Every three years, the Episcopal Church holds its big family reunion. We call it the General Convention. I'm sure it has some other official, longer, and perhaps more pretentious name, but we in the family call it GC. Maybe you've heard of it. Six years ago we were all over the news when the GC houses (bishops and deputies) voted to approve the election and consecration of Gene Robinson, the first openly gay bishop in the church (although certainly not the first gay bishop in the church, but closeted hypocrisy is another blog entry).
So we're gathering again, liberals; conservatives; wholly sane and bat-shit crazy and all those in between; laity, deacons, priests, and bishops; active and retired; those who are new to the voting convention and those who just can't find a way to admit their time is passed and bow out gracefully; the family, actually.
Because for all the legislative debates and theological discussions, maybe the most important part of this gathering is just to see what this huge Episcopal family looks like. We look like the family of God. We look like the ancient Christians who were slaves and regal imperial families, each trying to figure out how to accept one another as equals. We look like rich and poor, still struggling to find the true north between too little, enough, and too much. We look like crazy Uncle Charles and generous Aunt Ella, who've been married for decades, but no one is sure how either hasn't knifed the other over dinner. We look like real people, who don't agree, but who know the value of family and friends and community. We celebrate together and throw our conniption fits in full view of everyone - maybe a strength or maybe not.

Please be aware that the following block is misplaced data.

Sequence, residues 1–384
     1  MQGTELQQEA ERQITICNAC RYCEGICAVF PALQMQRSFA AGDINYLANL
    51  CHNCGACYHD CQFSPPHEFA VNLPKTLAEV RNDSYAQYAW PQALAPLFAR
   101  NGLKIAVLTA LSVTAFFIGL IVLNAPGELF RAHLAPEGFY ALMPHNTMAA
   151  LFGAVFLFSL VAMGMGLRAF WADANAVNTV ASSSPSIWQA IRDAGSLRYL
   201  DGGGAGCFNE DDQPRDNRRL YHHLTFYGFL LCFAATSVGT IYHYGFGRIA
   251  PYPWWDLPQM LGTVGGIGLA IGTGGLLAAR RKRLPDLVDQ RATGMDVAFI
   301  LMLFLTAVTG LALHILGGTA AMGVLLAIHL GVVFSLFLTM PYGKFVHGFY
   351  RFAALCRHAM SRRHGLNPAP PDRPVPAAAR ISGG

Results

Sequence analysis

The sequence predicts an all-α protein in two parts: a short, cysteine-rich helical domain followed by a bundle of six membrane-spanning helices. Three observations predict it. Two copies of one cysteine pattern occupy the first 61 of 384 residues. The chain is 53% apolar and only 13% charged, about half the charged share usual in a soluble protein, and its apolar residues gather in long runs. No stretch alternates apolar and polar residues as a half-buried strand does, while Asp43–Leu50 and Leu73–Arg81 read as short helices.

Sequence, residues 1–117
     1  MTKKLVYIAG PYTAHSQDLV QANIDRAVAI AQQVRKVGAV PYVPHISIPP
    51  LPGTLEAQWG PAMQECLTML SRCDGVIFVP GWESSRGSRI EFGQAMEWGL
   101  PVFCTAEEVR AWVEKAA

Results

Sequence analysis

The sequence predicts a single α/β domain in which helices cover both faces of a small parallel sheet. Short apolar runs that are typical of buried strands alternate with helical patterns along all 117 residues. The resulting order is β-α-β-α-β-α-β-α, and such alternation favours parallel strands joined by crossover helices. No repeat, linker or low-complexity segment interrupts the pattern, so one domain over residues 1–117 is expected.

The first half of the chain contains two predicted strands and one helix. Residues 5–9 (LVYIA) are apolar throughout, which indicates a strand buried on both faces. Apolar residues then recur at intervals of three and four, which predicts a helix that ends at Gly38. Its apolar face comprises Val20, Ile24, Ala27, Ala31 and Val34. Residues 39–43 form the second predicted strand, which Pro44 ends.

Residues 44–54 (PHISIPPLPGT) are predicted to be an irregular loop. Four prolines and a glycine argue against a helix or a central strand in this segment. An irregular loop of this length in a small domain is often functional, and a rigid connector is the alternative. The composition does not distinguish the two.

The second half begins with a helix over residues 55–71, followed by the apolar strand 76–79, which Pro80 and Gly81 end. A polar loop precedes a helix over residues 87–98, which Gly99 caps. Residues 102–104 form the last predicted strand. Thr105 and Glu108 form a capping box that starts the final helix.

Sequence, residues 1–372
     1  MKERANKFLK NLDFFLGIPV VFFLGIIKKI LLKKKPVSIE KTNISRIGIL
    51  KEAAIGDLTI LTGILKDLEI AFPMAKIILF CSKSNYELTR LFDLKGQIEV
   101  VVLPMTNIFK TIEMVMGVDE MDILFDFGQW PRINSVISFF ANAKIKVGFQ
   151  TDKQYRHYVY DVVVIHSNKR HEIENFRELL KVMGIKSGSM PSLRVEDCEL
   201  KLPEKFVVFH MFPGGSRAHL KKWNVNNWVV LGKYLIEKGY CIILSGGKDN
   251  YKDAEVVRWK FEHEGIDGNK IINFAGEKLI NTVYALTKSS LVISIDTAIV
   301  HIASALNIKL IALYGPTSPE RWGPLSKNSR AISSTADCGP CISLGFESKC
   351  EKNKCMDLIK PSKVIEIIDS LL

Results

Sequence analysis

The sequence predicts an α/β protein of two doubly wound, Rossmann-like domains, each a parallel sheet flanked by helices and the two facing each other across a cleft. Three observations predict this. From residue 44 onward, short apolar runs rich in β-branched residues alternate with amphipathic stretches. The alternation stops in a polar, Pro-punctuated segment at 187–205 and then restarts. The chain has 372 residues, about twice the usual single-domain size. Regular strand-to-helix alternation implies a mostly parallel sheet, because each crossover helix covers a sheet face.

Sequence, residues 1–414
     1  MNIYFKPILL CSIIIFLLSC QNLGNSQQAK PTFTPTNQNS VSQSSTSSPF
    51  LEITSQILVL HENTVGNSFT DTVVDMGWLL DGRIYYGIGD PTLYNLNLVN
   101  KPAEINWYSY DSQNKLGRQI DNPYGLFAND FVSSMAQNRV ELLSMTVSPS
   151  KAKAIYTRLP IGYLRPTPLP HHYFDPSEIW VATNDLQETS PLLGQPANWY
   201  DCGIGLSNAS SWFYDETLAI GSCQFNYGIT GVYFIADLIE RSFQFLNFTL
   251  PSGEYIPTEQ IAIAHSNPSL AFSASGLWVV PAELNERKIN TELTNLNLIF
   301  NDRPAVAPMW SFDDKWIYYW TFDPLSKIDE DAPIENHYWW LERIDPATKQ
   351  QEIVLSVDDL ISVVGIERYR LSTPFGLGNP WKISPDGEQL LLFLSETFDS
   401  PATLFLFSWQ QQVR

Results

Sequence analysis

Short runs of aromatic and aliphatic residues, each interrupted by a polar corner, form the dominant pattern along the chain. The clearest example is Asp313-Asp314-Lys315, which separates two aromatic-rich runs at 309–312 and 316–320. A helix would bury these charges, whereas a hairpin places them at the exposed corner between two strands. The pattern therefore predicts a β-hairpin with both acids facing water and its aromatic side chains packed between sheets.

I am Episcopalian because I love this crazy, faithful family. Yes, oh yes, I complain about its faults. I make biting sarcastic comments about the apparent connection between wearing purple and losing one's cohones. And I wonder, sometimes, if Jesus would slap us silly for all our committees and commissions and dialogue groups while the poor ask for bread and shelter. But I do so because my heart is in this ancient and modern church. The church is bigger than the building where I celebrate on Sundays. This church bursts boundaries and challenges me to get over myself. I am part of a community family of faith - big and passionate, foolish and wise, breath-taking and fumbling.
I am better because of the whole. I am also frequently more stressed and frustrated because of the whole, but I also laugh more, too. I am Episcopalian, thanks be to God.
To read a good blog about GC, check out Canon David Johnson's blog (Diocese of Mississippi).
For the offical General Convention web info, check out this link.